GOP's "religious freedom" riot: How a bigoted Indiana law could roil GOP primary

Ted Cruz will love Mike Pence's new law protecting anti-gay discrimination -- but here's why Jeb and Rand may not

Published March 27, 2015 9:59AM (EDT)

Ted Cruz, Jeb Bush, Scott Walker                      (Reuters/Kevin Lamarque/Rebecca Cook/Sara Stathas)
Ted Cruz, Jeb Bush, Scott Walker (Reuters/Kevin Lamarque/Rebecca Cook/Sara Stathas)

The rapid realignment of public and judicial opinion over the last decade toward gay rights has embroiled the Christian right in an existential crisis. That’s the way they see it, at least, which is why they’re framing the advance of gay rights in America as an assault on “religious freedom” generally, and Christianity specifically. It’s a bogus argument – the religious freedoms of Christian conservatives are not and never have been dependent upon the denial of rights to gay people – but the cause is being championed by conservatives in state governments who have moved to pass laws protecting discrimination against gays as an expression of “religious freedom.”

One of those conservatives is Indiana Gov. Mike Pence, who signed the Religious Freedom Restoration Act into law yesterday. The law will allow business owners who refuse to provide services to gay people to cite their religious beliefs in their own defense if they end up getting sued. The idea here is to broaden the notion of what the government should consider to be an expression of faith to include the exchange of money for goods and services. Even worse, this law and others like it are written very broadly and could allow for all manner of discriminatory behavior.

As you might imagine, the Indiana law is extraordinarily controversial. Paul Waldman, writing at the Washington Post, notes that the controversy over the law could very easily spill over into the 2016 Republican presidential nominating contest:

The more news this Indiana law gets, the more likely it is that it will become an issue in the presidential primaries. And it fits neatly within the key divide among Republicans: on one side you could have business groups that are nervous about negative economic impacts and strategists who don’t want the GOP to be known as the party of discrimination, while on the other side you have candidates eager for the votes of religious right primary voters.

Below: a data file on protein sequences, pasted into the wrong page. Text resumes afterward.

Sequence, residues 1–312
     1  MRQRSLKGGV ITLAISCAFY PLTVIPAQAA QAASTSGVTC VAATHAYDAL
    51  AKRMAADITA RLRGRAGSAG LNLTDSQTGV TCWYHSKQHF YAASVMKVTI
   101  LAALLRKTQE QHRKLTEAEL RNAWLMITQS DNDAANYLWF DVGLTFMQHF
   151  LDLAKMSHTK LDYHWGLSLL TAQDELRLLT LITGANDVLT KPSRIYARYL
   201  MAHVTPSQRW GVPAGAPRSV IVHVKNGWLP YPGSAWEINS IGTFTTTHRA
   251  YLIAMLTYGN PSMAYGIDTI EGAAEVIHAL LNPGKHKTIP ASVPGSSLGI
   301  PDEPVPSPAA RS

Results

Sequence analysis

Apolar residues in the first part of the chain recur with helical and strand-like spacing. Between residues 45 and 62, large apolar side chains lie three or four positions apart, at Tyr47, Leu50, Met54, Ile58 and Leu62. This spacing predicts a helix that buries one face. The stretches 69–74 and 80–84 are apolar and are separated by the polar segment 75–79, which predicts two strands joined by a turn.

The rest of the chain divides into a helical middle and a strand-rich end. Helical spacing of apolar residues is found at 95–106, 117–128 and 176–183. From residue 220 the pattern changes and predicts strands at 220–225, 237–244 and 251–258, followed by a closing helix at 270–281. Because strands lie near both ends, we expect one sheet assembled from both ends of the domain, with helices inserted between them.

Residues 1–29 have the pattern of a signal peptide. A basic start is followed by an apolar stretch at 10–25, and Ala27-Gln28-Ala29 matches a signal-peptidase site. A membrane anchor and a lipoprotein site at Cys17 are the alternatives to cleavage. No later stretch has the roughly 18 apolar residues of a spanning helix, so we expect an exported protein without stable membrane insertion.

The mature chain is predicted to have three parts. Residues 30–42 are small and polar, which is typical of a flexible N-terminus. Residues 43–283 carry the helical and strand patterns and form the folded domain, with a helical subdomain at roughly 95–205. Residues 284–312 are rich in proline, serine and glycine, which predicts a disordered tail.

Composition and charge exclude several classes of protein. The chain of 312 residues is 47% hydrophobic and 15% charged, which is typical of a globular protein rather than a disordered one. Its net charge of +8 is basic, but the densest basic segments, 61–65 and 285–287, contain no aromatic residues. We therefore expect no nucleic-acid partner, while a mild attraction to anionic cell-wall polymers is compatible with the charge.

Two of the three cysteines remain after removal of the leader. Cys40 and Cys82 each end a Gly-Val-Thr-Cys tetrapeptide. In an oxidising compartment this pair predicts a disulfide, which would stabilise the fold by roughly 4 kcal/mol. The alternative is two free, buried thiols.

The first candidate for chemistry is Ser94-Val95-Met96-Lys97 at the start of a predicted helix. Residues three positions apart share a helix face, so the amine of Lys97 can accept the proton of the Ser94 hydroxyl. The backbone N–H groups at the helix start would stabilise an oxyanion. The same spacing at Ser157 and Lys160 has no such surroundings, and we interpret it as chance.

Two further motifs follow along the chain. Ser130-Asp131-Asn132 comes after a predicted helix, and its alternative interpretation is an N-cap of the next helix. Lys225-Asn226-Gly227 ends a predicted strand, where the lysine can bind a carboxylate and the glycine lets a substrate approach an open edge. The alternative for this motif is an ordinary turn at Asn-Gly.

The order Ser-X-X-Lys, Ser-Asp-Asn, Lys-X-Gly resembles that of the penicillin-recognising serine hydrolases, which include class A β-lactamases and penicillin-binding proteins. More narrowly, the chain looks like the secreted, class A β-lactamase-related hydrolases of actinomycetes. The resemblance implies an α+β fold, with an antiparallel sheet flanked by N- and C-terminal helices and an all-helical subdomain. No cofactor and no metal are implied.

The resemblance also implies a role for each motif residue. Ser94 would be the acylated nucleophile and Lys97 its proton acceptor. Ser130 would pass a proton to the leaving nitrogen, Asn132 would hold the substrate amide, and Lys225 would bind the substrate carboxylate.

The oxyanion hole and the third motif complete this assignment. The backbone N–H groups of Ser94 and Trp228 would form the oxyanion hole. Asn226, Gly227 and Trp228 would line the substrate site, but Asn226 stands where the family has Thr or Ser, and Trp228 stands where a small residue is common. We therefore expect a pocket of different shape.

It’s not hard to pick out the 2016 aspirants who would be most likely to support Pence on this one. Basically, if they’ve ever said anything in defense of the homophobic asshole from that stupid duck show – looking at you, Bobby Jindal – then there’s a pretty strong chance they’ll get down with the Religious Freedom Restoration Act. This fight also fall squarely within Rick Santorum’s and Mike Huckabee’s cultural-resentment wheelhouses.

If there’s anyone this issue is tailor-made for, though, it’s Ted Cruz. When Cruz formally announced his presidential campaign earlier this week, he explicitly stated that he hoped to ride to victory on the backs of Christian conservatives. Speaking at a Christian university founded by the guy who blamed 9/11, in part, on “the gays and the lesbians,” Cruz said that “roughly half of born-again Christians aren’t voting” and asked everyone listening to imagine “millions of people of faith all across America coming out to the polls and voting our values.” He needs to motivate conservative Christians to get behind his candidacy, and he loves immersing himself in controversy – the Indiana pro-discrimination law checks both those boxes.

And, weirdly enough, while Cruz doesn’t have a whole lot in the way of “experience” to boast about, he does have something to bring to the table when it comes to fighting on behalf of Christians against government “overreach.” As the Texas solicitor general, Cruz made it a point to seek out and argue cases involving some sort of religious controversy:

Other cases he took on reflected his conservative Christian ideology. On his campaign website, he touts successfully defending the inclusion of the term "under God" in the Texas Pledge of Allegiance and a Ten Commandments monument on the grounds of the state Capitol. He notes that he fought in the courts to protect a Bible display installed on public property and to have the divorce of a same-sex couple's civil union invalidated because they'd gotten hitched in Vermont.

As a senator he’s given several speeches exhorting conservatives to stand up for the rights of Christians against what he says is government persecution, and he’s thrown his weight behind local fights over “religious freedom.”

What will be interesting to see is if and how candidates like Jeb Bush react to the Indiana “religious freedom” controversy. Bush is a Christian and plenty conservative, but he also has an eye on appealing to primary voters outside the Christian right, and appealing to a broader American electorate that is far more supportive of gay rights. For my money, though, the man to watch will be Rand Paul. Remember, there was a time not long ago when Rand Paul said that even though it was bad business to “exclude anyone” from your establishment, he nonetheless believed in “private ownership” and resisted government encroachment on the practices of “private business owners.” He has, of course, since disavowed ever having believed anything of the sort, but who knows – maybe the Indiana “religious freedom” law and the need to win over some primary voters will rekindle some of that old-school libertarianism.

By Simon Maloy

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